Although water treatment guidelines and standards may seem like a highly specialised topic, it is helpful to understand some of the documents in this field and how they are applied to your projects.
This is because some guidance for systems has significant implications for installation, commissioning, and maintenance. In other words, it is essential to understand what standards are being asked for (and how they are applied) in your specifications because the resulting system could be more challenging and costly.
One example is a guidance document titled VDI 2035, which has come out of Germany but is being more widely discussed in the UK.
Although it contains some useful elements, there are significant implications for system designers, contractors and building managers.
VDI 2035 is a guide for water treatment in heating systems up to 100oC. It is published by the Association of German Engineers. In common with the UK’s BSRIA BG29 and BG50, this is guidance only, not regulation, and it is essentially a description of an alternative approach to achieving common goals for water treatment in buildings.
If we take the issue of scale prevention, VDI 2035 requires the designer to confirm three factors:
- Total heating output (kW)
- Specific system volume (litres/kW)
- Total hardness of the fill water
Using these figures, VDI 2035 provides a table of values to determine the requirement for softening or demineralisation of the filling and make-up water.
This guidance emphasises sealed systems – in which make-up water is less than three times the system volume over the system’s life. This would be approximately 12% of make up water volume over 25 years.
If that volume is exceeded, the water must be softened (and make-up to systems must be metered). Since it can be difficult to predict in practice what that volume might be, clients will have to cost in the softening process and other work involved in meeting this requirement.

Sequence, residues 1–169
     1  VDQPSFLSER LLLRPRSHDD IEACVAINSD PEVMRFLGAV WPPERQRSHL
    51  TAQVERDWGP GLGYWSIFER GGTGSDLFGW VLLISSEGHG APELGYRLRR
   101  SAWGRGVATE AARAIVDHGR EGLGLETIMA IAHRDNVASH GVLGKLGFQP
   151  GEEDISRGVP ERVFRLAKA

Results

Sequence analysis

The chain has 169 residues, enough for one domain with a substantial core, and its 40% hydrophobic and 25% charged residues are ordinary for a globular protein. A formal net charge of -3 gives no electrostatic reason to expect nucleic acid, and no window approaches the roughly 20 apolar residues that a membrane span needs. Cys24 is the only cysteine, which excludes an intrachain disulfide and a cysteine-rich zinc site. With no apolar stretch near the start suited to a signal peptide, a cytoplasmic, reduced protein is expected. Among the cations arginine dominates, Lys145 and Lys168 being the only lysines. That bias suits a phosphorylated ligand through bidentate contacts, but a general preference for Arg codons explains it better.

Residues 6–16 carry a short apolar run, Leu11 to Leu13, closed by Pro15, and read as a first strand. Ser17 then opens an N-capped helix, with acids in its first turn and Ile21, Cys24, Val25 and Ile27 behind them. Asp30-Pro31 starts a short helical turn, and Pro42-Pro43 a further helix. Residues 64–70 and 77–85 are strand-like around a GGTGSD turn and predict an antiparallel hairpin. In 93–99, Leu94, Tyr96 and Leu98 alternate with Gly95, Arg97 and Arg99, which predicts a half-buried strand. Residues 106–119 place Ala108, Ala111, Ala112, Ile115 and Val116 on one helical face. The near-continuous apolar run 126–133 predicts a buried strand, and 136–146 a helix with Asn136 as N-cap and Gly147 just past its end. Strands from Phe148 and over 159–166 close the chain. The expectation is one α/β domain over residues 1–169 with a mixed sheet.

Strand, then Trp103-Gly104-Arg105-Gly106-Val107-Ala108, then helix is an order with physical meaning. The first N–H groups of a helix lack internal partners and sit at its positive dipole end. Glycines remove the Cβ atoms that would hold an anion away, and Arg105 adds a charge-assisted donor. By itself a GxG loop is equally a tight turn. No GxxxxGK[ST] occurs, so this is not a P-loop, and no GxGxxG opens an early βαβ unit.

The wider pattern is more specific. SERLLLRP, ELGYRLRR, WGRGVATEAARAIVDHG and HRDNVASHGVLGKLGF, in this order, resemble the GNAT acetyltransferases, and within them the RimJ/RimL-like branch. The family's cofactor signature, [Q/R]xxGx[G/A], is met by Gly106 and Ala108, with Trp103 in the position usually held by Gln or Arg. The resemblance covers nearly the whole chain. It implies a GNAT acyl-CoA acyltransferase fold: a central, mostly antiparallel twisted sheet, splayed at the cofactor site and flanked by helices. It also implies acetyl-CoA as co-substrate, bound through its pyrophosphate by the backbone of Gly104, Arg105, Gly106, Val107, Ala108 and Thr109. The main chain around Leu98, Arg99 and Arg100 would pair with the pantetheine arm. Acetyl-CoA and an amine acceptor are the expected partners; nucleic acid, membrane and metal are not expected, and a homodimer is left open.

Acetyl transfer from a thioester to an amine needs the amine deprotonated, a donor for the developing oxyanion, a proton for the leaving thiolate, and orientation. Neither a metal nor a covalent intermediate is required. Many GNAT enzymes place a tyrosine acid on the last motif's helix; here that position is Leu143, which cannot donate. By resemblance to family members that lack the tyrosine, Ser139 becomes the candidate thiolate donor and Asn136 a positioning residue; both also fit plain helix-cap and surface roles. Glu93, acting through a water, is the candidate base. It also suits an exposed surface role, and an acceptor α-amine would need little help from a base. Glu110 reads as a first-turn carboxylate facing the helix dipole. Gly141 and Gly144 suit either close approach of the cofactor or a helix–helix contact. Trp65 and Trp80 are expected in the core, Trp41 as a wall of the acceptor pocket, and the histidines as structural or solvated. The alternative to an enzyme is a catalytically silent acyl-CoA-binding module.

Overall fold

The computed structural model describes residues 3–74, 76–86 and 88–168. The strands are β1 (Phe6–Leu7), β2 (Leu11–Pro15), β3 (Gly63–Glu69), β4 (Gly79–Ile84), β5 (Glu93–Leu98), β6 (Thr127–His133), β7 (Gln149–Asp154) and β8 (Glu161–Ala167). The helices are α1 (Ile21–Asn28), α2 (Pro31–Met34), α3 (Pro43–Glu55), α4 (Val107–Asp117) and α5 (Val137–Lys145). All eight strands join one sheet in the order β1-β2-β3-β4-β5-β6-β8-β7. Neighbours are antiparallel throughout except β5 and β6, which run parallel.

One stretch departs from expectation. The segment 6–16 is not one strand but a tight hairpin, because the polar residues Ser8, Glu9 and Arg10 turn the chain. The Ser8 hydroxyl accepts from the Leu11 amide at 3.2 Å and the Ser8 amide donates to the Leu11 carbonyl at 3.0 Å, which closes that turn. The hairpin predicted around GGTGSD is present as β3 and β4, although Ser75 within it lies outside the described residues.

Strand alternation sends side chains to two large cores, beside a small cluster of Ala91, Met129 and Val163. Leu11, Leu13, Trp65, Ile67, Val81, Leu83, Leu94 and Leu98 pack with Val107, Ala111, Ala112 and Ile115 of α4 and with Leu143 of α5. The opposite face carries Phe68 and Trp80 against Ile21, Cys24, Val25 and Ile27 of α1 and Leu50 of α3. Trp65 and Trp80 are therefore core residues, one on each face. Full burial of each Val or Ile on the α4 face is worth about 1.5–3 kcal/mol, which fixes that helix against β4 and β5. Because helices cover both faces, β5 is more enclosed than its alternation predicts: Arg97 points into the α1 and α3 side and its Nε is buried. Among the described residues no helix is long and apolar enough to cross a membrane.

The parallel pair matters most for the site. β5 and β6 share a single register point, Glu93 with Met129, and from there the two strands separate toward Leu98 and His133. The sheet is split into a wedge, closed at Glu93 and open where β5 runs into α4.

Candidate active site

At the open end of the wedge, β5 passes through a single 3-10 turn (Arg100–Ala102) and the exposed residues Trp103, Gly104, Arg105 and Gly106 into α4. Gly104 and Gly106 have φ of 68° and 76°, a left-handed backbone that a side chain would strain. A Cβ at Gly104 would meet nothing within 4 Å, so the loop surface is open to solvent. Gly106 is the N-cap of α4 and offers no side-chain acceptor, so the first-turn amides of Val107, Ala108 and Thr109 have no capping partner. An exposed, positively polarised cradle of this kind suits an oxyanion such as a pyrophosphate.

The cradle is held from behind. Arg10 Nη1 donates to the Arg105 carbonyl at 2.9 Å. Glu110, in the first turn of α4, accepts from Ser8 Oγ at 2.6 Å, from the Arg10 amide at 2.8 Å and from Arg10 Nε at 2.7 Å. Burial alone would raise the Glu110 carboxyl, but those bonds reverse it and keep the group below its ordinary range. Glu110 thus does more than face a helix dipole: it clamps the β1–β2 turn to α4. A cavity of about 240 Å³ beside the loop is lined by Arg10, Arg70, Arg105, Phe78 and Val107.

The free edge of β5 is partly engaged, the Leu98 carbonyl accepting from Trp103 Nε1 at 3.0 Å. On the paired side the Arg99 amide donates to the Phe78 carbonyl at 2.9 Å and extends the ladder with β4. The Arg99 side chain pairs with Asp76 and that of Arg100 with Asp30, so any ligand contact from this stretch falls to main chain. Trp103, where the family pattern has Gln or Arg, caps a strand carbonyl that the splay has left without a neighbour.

Another critical point about VDI 2035 is that it requires systems to be tightly sealed. This is central to corrosion control by managing oxygen content in the water. VDI 2035 describes several ways oxygen might enter a system: incorrect pressurisation, air ingress during filling, and open expansion systems, among others.
The problem for engineers, in this case, is that maintaining a sealed system is well-understood in modern system design but is far more challenging in older heating systems, particularly in refurbishment projects. There are implications for the design, delivery, installation and commissioning processes, which must all focus on delivering a sealed system.
When it comes to bacterial control, VDI 2035 does not consider biocide dosing effective. While this is sound in principle, it may not be practical in the UK.
Here, our move towards heat pumps and reduced LTHW temperatures put more emphasis on microbiological control. BSRIA provides more detail in this respect, advising routine monitoring so increasing trends in biological build-up are quickly identified and rectified.
And at the commissioning stage, contrary to UK standard practice, VDI 2035 does not require chemical cleaning, relying instead on dynamic flushing.
Alternatively, filtration can be used where ‘clean construction’ techniques prevent contamination. Air venting takes place during filling before the gradual heat-up phase. Total hardness and conductivity are tested. The pH is checked after a minimum of ten weeks of operation.
This means that the designer must take greater control over the construction methods, filling and water management process. At the same time, the contractor must be fully engaged and familiar with commissioning systems in the methods outlined in VDI 2035.
In addition, existing systems may require flushing and refilling so that a fresh start can be made. System operators will require instruction in the alternative monitoring requirements and the actions that must be taken in the event of non-compliance.
Enwa is an international company, so we have worked to the VDI 2035 guidelines across Europe, where construction and building teams are used to its requirements.
However, when it comes to applying the guidance to projects here, clients may be better served by using our existing BSRIA documentation. This is widely understood so designers, installers and commissioning specialists can be confident of meeting its requirements. And they know that the system they leave behind has no nasty surprises regarding costs for building managers.